Tyler Clementi, left, is thought to have committed suicide, days after he was secretly filmed and broadcast on the Internet. Mr. Clementi’s roommate, Dharun Ravi, center, and another classmate, Molly Wei, have been charged in the case.
Super sensitivity or a cruel byproduct of technology and mischievous peers?
"Private Moment Made Public, Then a Fatal Jump"
Lisa W. Foderaro
September 29th, 2010
The New York Times
Lisa W. Foderaro
September 29th, 2010
The New York Times
It started with a Twitter message on Sept. 19: “Roommate asked for the room till midnight. I went into molly’s room and turned on my webcam. I saw him making out with a dude. Yay.”
That night, the authorities say, the Rutgers University student who sent the message used a camera in his dormitory room to stream the roommate’s intimate encounter live on the Internet.
And three days later, the roommate who had been surreptitiously broadcast — Tyler Clementi, an 18-year-old freshman and an accomplished violinist — jumped from the George Washington Bridge into the Hudson River in an apparent suicide.
The Sept. 22 death, details of which the authorities disclosed on Wednesday, was the latest by a young American that followed the online posting of hurtful material. The news came on the same day that Rutgers kicked off a two-year, campuswide project to teach the importance of civility, with special attention to the use and abuse of new technology.
Those who knew Mr. Clementi — on the Rutgers campus in Piscataway, N.J., at his North Jersey high school and in a community orchestra — were anguished by the circumstances surrounding his death, describing him as an intensely devoted musician who was sweet and shy.
“It’s really awful, especially in New York and in the 21st century,” said Arkady Leytush, artistic director of the Ridgewood Symphony Orchestra, where Mr. Clementi played since his freshman year in high school. “It’s so painful. He was very friendly and had very good potential.”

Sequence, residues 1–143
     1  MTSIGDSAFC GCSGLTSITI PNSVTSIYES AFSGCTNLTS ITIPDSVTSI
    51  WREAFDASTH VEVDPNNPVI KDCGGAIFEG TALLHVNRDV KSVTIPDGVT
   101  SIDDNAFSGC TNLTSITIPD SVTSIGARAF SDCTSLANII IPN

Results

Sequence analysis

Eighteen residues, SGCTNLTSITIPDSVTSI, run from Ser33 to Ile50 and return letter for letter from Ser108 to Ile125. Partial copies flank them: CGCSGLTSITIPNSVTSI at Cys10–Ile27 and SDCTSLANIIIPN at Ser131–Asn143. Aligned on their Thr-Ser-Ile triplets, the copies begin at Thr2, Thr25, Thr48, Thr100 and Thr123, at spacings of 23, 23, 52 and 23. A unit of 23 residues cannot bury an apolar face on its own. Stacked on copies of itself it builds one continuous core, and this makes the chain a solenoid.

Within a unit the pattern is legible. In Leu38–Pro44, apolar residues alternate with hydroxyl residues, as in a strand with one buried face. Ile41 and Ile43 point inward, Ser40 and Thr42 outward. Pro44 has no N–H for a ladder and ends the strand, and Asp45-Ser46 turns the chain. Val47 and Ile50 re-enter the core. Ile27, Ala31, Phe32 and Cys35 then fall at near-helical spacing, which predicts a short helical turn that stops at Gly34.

The Middlesex County prosecutor’s office said Mr. Clementi’s roommate, Dharun Ravi, 18, of Plainsboro, N.J., and another classmate, Molly Wei, 18, of Princeton Junction, N.J., had each been charged with two counts of invasion of privacy for using “the camera to view and transmit a live image” of Mr. Clementi. The most serious charges carry a maximum sentence of five years.
Mr. Ravi was charged with two additional counts of invasion of privacy for trying a similar live feed on the Internet on Sept. 21, the day before the suicide. A spokesman for the prosecutor’s office, James O’Neill, said the investigation was continuing, but he declined to “speculate on additional charges.”
Steven Goldstein, chairman of the gay rights group Garden State Equality, said Wednesday that he considered the death a hate crime. “We are sickened that anyone in our society, such as the students allegedly responsible for making the surreptitious video, might consider destroying others’ lives as a sport,” he said in a statement.
At the end of the inaugural event for the university’s “Project Civility” campaign on Wednesday, nearly 100 demonstrators gathered outside the student center, where the president spoke. They chanted, “Civility without safety — over our queer bodies!”
It is unclear what Mr. Clementi’s sexual orientation was; classmates say he mostly kept to himself. Danielle Birnbohm, a freshman who lived across the hall from him in Davidson Hall, said that when a counselor asked how many students had known Mr. Clementi, only 3 students out of 50 raised their hands.